The blood-brain barrier and the immune privilege of the central nervous system

Benjamin D. Clarkson, Melissa G. Harris, Aditya Rayasam, Zsuzsanna Fabry

Research output: Chapter in Book/Report/Conference proceedingChapter


Collectively known as “immune privilege”, various factors regulate the generation of immune responses in the central nervous system (CNS) and suppress inflammation that would otherwise damage neuronal tissue where cell regeneration processes are severely limited. Recently it has become clear that immune privilege is not absolute but is relative to other organs, varies with age, and varies between the different anatomical compartments of the CNS, with the parenchyma proper exhibiting the highest immune privilege (Galea et al. 2007). Although there are multiple mechanisms that contribute to the immune-privileged nature of the CNS, including the lack of lymphatic vessels, the relative absence of antigen-presenting cells, and the low level of expression of major histocompatibility molecules in the CNS parenchyma (reviewed by Engelhardt and Coisne 2011, Ransohoff and Brown 2012, Shechter et al. 2013a), in this chapter we will focus our attention on the contribution of the blood-brain barrier (BBB) in maintaining immune privilege in the CNS. While there is substantial variability among the physical barriers of the CNS, the BBB generally consists of endothelial cells (ECs), pericytes, astrocytes, neurons, glial cells, and their associated basement membranes, which comprise a complex multilayer, multicellular structure known as the neurovascular unit (NVU).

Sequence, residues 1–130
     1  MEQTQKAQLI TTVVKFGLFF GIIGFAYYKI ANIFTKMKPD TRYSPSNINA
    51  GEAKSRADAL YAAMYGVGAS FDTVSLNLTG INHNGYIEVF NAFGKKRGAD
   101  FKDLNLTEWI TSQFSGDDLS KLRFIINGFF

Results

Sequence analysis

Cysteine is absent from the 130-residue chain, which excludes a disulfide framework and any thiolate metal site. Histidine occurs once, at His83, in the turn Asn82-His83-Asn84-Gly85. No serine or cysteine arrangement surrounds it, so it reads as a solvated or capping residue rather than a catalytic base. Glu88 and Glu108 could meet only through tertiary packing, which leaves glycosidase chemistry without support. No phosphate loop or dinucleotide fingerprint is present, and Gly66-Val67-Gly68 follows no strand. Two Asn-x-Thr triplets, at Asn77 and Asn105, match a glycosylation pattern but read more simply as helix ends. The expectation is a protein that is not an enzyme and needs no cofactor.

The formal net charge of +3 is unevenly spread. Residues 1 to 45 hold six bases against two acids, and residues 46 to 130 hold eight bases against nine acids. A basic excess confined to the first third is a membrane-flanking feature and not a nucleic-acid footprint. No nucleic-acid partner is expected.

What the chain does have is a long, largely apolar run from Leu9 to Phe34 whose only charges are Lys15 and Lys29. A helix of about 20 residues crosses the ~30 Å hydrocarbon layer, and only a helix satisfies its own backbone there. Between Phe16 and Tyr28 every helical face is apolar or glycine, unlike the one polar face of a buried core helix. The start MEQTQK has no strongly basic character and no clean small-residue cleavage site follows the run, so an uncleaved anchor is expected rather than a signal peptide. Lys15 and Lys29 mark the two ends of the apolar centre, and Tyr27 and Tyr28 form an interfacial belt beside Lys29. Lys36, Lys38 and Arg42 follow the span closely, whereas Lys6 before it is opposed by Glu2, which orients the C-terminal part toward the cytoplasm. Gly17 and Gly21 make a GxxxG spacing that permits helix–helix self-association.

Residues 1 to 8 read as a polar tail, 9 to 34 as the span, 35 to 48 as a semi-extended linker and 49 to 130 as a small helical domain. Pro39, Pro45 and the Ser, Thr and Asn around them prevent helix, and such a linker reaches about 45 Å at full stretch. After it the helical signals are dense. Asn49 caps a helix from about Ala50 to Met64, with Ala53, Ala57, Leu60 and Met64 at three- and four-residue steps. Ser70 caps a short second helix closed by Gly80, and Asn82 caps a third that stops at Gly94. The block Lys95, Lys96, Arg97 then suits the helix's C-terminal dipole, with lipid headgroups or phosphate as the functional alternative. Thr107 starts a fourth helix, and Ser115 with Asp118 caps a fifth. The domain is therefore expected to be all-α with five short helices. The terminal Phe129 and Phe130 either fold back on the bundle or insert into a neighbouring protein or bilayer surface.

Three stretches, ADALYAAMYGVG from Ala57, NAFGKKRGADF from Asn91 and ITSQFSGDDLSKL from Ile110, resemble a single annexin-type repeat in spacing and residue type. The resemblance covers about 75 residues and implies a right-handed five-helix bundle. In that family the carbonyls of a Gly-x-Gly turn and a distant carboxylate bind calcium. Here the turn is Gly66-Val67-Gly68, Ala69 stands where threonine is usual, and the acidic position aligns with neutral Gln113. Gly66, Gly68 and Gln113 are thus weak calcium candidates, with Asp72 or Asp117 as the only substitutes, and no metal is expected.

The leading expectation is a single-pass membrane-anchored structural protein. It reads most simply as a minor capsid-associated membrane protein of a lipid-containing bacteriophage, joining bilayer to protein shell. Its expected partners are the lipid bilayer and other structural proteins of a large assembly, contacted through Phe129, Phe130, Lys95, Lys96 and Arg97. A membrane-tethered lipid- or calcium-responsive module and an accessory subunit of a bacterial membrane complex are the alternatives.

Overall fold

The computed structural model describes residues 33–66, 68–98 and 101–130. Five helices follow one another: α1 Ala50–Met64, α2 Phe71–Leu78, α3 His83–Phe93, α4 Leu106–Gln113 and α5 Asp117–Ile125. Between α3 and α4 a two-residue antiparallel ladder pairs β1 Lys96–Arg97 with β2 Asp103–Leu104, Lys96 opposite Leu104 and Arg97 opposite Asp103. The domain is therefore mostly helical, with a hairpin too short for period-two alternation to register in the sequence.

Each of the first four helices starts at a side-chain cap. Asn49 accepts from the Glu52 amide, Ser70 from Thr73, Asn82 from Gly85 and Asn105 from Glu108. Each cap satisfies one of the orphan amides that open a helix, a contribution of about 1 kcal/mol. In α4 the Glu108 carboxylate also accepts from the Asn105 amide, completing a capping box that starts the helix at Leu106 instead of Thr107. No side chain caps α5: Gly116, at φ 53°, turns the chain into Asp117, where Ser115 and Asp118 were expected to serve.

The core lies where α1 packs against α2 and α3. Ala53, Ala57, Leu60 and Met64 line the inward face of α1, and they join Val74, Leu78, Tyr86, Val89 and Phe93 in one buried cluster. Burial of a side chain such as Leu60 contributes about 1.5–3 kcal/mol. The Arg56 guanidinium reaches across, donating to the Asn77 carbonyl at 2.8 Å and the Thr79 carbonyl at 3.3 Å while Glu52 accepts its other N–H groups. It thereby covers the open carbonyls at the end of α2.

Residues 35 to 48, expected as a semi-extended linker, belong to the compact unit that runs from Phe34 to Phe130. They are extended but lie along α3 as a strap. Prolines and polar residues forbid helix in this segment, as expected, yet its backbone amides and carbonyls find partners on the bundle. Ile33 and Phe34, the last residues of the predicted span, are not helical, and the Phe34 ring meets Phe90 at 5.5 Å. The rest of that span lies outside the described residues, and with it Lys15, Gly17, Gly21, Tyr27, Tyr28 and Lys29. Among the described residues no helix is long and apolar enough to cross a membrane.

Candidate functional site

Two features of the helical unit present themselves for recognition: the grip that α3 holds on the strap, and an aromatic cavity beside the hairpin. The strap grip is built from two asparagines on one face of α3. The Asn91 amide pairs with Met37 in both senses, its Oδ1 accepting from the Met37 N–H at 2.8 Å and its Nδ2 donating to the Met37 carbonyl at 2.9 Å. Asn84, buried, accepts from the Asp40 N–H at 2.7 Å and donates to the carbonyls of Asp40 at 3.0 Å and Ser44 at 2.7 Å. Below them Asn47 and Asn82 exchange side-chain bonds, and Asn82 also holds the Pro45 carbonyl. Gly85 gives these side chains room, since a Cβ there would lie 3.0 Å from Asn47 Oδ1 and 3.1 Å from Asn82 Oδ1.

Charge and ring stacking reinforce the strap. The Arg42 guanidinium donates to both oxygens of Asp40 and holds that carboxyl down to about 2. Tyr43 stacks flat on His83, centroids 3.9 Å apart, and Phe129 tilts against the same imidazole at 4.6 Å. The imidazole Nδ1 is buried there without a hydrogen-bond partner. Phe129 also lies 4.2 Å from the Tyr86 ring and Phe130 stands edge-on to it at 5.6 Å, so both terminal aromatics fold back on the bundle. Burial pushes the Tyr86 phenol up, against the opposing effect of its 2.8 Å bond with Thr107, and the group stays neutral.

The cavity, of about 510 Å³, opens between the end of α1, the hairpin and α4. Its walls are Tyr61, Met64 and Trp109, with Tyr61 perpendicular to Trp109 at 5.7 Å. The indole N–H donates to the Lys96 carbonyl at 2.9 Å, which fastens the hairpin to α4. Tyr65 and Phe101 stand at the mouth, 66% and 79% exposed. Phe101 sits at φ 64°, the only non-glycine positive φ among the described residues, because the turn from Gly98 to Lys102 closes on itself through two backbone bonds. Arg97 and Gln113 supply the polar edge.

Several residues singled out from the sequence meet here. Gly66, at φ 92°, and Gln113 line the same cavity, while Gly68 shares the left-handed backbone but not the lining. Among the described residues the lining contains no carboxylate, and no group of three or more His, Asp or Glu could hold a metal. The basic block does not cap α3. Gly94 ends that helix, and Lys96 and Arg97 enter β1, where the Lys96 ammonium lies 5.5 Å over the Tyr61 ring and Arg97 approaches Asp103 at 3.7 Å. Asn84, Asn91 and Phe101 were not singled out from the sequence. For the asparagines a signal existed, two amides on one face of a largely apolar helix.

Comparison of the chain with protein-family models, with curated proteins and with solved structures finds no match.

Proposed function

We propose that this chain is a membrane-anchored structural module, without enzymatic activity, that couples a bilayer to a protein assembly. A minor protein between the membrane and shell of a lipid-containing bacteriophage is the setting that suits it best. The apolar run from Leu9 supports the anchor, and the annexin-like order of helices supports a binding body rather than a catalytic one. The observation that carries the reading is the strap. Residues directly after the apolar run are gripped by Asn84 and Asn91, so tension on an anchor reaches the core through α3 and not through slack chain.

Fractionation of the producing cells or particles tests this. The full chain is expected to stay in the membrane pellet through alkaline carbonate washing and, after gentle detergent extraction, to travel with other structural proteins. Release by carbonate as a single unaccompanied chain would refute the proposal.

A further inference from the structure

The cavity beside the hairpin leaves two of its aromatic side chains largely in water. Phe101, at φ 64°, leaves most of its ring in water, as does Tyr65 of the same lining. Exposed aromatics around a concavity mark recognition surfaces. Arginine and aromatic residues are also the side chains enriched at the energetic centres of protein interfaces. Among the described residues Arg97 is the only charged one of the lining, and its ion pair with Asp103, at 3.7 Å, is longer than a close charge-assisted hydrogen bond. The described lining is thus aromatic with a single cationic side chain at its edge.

Original languageEnglish (US)
Title of host publicationThe Blood-Brain Barrier in Health and Disease, Volume One
Subtitle of host publicationMorphology, Biology and Immune Function
PublisherCRC Press
Number of pages24
ISBN (Electronic)9781498727068
ISBN (Print)9781498727051
StatePublished - Jan 1 2015

ASJC Scopus subject areas

  • Medicine(all)
  • Neuroscience(all)


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